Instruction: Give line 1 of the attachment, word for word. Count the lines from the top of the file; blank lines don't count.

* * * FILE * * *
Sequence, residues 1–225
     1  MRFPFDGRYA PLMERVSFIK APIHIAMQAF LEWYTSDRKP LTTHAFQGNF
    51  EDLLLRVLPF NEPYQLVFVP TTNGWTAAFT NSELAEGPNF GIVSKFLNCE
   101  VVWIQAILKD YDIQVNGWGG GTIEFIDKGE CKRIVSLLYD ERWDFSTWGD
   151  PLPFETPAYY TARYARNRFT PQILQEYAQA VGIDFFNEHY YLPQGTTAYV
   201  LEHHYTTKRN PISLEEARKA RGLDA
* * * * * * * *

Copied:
Sequence, residues 1–225